The Ruins on the Inca Trail to Machu Picchu

Brief Notes on the Main Archaeological Sites, with Photographs

Part 3 : Intipata, Wiñawayna and Intipunku

The terraces of Intipata, on the way from the Third Pass to Wiñawayna.  


Intipata means Sun Place. When I first walked the Inca Trail in 1989, Intipata was not visible as it was covered by vegetation but it has since been cleared. Most hikers by-pass it as the Trail descends steeply in what feels like many hundreds of steps to Wiñawayna which is a little bit further on and lower down. The terraces of Intipata have a convex shape whereas those of Wiñawayna are concave.



Winaywayna. This site would probably be famous in its own right if Machu Picchu weren't nearby.  


Wiñawayna or Forever Young is the romantic name of these ruins that were only discovered in 1941. They are as beautiful as the name - a lot more impressive close-up than seen from a distance - with many buildings in addition to the terraces. There are good views of Wiñawayna from lower down on a recently opened branch of the Trail which joins the main branch near the ruins.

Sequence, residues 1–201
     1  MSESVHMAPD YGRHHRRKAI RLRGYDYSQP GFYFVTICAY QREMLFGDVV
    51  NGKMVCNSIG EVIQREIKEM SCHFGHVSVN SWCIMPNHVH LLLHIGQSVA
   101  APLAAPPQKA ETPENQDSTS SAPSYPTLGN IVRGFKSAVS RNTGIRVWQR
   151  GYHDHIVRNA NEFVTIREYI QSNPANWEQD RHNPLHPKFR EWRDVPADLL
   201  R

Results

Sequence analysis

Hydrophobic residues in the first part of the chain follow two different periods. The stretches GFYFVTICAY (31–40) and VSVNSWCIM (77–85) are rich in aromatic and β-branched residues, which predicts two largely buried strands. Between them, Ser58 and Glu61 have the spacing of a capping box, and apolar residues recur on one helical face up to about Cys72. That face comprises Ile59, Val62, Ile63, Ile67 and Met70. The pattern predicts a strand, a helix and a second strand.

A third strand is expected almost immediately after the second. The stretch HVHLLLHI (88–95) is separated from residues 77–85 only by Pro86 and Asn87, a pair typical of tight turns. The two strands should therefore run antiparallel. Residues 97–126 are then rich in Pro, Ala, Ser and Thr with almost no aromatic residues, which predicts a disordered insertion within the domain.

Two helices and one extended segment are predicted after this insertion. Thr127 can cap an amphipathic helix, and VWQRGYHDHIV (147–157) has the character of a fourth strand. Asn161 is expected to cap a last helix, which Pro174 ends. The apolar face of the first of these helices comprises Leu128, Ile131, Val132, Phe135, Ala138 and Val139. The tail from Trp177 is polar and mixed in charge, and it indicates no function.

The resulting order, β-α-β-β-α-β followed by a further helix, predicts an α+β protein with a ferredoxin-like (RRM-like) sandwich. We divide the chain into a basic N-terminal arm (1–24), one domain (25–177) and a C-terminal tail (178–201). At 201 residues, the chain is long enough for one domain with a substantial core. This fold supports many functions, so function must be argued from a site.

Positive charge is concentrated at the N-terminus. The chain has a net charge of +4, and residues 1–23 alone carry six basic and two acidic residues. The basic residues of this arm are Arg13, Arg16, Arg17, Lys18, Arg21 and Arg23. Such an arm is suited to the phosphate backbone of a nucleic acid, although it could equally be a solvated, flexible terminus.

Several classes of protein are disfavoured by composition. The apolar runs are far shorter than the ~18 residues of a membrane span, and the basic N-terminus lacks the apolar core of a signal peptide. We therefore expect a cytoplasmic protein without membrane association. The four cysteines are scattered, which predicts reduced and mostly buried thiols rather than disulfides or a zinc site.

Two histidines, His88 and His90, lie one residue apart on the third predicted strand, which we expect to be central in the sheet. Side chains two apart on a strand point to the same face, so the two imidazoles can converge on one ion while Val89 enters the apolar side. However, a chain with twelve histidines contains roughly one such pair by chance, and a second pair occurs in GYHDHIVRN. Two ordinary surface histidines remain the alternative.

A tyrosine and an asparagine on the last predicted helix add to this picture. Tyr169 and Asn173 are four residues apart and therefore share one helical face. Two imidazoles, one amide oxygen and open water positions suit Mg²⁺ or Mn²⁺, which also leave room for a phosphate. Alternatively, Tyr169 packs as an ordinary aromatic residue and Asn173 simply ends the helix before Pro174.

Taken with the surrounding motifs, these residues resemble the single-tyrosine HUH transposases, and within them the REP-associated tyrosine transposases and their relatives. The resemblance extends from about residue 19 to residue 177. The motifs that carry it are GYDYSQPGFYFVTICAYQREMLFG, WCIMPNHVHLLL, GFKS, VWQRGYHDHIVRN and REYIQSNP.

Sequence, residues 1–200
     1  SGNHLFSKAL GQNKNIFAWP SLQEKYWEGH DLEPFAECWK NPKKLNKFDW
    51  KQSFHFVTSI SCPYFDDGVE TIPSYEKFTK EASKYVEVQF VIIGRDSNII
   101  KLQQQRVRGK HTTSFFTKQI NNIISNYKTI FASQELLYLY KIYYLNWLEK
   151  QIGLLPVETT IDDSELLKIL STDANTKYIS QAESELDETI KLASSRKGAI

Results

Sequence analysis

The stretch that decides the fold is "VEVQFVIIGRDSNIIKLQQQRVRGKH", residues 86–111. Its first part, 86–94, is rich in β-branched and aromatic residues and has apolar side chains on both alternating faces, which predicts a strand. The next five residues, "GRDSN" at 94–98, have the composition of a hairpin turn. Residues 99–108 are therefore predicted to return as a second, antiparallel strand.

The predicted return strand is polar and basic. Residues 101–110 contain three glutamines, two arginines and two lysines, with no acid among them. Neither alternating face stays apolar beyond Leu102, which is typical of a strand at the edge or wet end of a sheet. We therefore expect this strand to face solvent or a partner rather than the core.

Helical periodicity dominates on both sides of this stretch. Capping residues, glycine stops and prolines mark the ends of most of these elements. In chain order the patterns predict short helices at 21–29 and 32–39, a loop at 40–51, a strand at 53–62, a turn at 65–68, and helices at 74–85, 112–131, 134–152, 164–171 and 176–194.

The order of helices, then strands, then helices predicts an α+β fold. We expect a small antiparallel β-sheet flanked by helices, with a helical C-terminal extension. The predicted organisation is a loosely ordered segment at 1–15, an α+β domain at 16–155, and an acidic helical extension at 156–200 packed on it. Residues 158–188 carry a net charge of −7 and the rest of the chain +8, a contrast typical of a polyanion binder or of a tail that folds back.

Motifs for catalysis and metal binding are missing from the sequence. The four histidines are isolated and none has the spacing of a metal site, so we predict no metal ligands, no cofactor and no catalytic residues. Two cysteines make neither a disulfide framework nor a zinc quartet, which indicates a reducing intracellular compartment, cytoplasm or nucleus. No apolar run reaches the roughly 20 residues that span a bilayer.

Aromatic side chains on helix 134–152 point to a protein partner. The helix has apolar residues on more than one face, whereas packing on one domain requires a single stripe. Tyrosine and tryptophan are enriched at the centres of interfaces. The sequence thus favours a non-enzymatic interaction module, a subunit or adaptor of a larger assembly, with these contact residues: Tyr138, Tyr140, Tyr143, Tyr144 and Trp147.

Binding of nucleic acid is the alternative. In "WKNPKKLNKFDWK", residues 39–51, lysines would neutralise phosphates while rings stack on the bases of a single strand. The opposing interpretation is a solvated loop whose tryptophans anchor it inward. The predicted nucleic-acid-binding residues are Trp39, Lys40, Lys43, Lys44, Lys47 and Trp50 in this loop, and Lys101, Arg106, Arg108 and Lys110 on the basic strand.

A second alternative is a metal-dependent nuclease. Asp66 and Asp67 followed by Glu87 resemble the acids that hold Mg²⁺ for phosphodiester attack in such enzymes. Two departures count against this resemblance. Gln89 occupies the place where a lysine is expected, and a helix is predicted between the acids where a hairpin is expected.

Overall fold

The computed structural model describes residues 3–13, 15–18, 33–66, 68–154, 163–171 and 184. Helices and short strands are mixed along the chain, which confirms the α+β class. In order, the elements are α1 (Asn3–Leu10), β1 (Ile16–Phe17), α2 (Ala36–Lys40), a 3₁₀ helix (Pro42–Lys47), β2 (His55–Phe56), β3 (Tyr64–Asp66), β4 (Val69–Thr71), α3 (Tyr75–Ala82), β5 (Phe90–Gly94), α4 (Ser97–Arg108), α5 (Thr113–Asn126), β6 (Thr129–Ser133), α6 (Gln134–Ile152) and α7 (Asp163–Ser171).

The Sun Gate, Intipunku, on the hillside, is where hikers get their first sight of Machu Picchu.  

View of the Intipunku from Machu Picchu

Intipunku, or the Sun Gate is in the notch on the hillside. It is at the Sun Gate that hikers get their first sight of their destination - Machu Picchu, the so-called Lost City of the Incas.




        Quechua form           Hispanic form
       Wiñawayna        Huinay Huayna
Go to section 2 Go to section 4

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Last updated 6 September 2008.